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  5. I love your grounded grasp on reality.

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  6. Can you explain to the social worker how stupid this is? Perhaps get them to make an exception? And maybe if they were willing to consider it Gary could be proactive and write them a letter asking them to be flexible, which would both make him feel empowered and show a level of responsibility and maturity.

    Could girlfriend meet Gary at the house (him taking the bus, her the car)? You would see that they didn't arrive together and they could visit together without breaking any (stupid) rules.

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  7. The social worker can't make an exception to a state rule. We might be able to come up with an agreement based upon the understanding that it would be damaging to my relationship with Gary to work too hard to enforce this.

    Comparable to homework. When I have really tried to make a kid do their homework the only result was that they proved to me that I can't make them do something and an excessive amount of tension was injected into our relationship. Time we might have spent bonding was spent arguing. In the end I told the social worker that I wasn't going to monitor that any more. It didn't change the fact that the kid was supposed to do the homework, just that I wasn't going to be the enforcer.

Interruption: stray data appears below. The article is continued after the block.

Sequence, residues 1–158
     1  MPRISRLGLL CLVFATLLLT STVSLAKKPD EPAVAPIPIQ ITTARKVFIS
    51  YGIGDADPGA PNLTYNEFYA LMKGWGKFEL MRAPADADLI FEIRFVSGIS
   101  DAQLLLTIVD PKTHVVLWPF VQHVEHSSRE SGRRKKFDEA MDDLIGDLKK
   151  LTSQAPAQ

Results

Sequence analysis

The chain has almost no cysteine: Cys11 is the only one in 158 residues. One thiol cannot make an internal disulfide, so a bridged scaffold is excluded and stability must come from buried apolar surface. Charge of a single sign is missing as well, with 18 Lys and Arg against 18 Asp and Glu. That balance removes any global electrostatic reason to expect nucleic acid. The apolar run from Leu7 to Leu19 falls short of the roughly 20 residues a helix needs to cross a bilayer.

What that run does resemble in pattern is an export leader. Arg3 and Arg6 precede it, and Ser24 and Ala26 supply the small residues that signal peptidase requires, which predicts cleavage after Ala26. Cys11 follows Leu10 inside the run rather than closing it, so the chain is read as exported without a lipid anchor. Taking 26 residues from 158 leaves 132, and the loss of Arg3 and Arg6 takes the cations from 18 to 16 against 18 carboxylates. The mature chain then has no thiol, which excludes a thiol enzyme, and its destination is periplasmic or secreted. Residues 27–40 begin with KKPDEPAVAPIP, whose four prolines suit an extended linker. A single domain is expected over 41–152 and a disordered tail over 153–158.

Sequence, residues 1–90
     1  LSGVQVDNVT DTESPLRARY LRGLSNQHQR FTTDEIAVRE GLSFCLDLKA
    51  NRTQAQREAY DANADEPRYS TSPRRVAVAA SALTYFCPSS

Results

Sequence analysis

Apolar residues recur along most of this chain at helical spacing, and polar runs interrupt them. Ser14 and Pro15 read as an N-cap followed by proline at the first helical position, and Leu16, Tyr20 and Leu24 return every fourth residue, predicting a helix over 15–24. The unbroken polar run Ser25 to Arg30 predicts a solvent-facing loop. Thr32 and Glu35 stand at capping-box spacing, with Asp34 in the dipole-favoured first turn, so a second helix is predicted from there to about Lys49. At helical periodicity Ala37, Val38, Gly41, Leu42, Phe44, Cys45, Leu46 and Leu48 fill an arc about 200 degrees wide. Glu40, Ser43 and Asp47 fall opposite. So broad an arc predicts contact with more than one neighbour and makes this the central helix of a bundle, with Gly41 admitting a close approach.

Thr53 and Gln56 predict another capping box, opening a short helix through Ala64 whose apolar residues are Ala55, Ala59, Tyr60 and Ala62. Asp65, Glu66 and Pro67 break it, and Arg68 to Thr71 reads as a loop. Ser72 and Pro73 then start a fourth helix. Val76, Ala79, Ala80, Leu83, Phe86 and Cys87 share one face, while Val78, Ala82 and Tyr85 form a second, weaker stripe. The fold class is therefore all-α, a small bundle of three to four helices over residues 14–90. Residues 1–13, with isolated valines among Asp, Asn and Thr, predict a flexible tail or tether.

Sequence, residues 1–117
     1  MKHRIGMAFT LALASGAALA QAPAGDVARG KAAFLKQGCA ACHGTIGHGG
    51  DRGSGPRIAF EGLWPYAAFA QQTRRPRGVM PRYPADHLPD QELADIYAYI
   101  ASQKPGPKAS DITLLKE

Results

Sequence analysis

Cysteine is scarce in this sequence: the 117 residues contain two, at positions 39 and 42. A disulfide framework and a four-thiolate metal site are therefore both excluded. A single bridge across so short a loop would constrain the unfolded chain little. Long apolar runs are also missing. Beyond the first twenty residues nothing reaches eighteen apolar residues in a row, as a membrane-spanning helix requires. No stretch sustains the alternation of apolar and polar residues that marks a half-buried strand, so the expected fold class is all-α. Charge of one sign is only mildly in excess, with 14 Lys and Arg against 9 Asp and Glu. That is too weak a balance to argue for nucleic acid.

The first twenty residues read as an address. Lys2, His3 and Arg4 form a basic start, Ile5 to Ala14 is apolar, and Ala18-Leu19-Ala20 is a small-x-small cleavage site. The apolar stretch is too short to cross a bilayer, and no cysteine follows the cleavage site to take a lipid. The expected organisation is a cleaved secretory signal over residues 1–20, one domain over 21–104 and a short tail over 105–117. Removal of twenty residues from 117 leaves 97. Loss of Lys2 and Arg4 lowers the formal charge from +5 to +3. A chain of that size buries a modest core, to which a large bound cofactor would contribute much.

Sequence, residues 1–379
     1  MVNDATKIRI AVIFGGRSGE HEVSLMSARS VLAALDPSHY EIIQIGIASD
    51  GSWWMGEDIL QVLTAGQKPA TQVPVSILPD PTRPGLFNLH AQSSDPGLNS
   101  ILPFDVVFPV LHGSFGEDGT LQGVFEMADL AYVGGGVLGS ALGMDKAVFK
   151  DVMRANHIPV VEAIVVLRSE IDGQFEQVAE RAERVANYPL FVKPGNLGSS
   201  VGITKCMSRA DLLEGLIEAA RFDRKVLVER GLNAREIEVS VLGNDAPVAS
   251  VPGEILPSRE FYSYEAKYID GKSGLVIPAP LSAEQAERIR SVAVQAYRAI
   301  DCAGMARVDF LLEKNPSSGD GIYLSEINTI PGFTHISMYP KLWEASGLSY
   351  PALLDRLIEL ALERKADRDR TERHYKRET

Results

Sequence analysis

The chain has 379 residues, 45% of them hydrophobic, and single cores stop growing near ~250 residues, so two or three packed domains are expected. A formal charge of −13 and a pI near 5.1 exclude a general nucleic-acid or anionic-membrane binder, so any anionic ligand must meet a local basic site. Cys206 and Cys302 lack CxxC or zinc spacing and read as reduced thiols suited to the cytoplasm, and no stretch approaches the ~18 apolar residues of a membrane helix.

In this case I need to know how aggressive she needs me to be. I could put child tracking on his phone and/or meet the bus every day (a block away around the corner) to make sure he is on it. Or make Brian report on him (not).

    Or I could not worry about it, not look for trouble. If I find out that he has got a ride from her, maybe all I need to do is report it to her. We've done that too.

    Some rules are MY rules and I hold him accountable. Some rules are agency rules and all I do is tell the social worker and any consequences will (or won't) come from them.

    Right now, until I talk with her, my plan is to ground him for 48 hours when I know it happens, but try to monitor so that I know whenever she has given him a ride home from school -- or a ride the five blocks from the school to the bus stop.

    I'm not losing sleep over it.

    You know, maybe they wil break up and the problem will just go away!

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  8. Remind me, is this still trouble two?

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  9. Current girlfriend is still "Trouble's Friend." Given how long she has been around, she probably needs her own bloggy name. Maybe I should call the "She Who Has Her Own Car"

    Little wordy.

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  10. Why are you punishing him for breaking a rule that you think is stupid?

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  11. Ruth,

    That is an excellent question.

    I'm assuming your not a foster parent, and do not otherwise occupy a role in which you are obligated to enforce stupid rules.

    Maybe I will write a post about the insanity of it.

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  12. It really is a stupid rule. Oh well, we all have to do our part and follow the rules as they pertain to us. At least it is one that he will not really be hurt when he disobeys (because we all know he will). :)